Beatrice and Virgil by Yann Martel ***
I really enjoyed Life of Pi and was interested to see how it compared to Martel’s other work. Beatrice and Virgil certainly follows a similar structure – a protagonist takes a journey (this one is mainly metaphorical) with a couple of animals who have human names (and who are given voices here by way of a play written by a taxidermist), and who muses about life along the way. There is quite an autobiographical feel to the story, and it was rather clever at times. I liked the use of different narrative techniques throughout, but some of the sections of the taxidermist’s play seemed a little long and far too drawn out. Beatrice and Virgil is a very sad book on the whole, and its odd ending makes the entirety feel rather disjointed, which is a real shame.
Our Little Finnish Cousin by Clara Vostrovsky Winlow ***
I downloaded this on my Kindle on a whim before I went away, merely because it sounded cute. Finland is the only Scandinavian country which I’ve not visited as yet and I’m longing to go there, so my interest in the title was peaked, I think the sense of place which Winlow captured here was lovely, and the book is rather educational for its intended child audience, both geographically and in terms of the culture it portrays.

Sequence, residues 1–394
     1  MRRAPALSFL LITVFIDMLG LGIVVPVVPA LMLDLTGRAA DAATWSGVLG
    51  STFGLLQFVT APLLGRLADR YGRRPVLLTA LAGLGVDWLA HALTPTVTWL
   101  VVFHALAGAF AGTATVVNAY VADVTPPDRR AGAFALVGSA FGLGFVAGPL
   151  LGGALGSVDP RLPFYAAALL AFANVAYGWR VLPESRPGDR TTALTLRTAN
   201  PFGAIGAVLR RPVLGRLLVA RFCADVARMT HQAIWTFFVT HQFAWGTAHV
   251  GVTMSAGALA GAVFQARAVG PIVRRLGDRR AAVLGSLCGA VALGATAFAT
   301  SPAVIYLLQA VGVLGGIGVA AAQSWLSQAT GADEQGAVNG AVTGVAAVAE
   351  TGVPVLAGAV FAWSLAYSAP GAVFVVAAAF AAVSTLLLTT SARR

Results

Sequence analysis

Nick and Norah’s Infinite Playlist by Rachel Cohn and David Levithan ****
I have wanted to read Nick and Norah’s Infinite Playlist for such a long time, ever since I watched the rather sweet film adaptation with my boyfriend. I started reading it on the plane over to Menorca, and had to read it in secret on my Kindle during our landing (naughty, I know) when the air hostesses came around, because I couldn’t bear to put it down. Having seen the film, I knew what was going to happen, but the getting there was the best bit. There is perhaps a little too much swearing in the book, whereby it is used for the sake of it and for no real narrative effect, and it certainly shouldn’t be marketed as a children’s book, but it is very sweet on the whole, and rather amusing at times.
French Leave by Anna Gavalda ****
I have been wanting to read Gavalda’s work for what seems like an age. I wasn’t expecting such a contemporary novel, but I very much enjoyed it. The characters and their differences were drawn very well, as was the French countryside and the relationships between the Loriat siblings. The novel is rather a short one really, but I imagine that it is a great way to become acquainted with Gavalda’s writing style.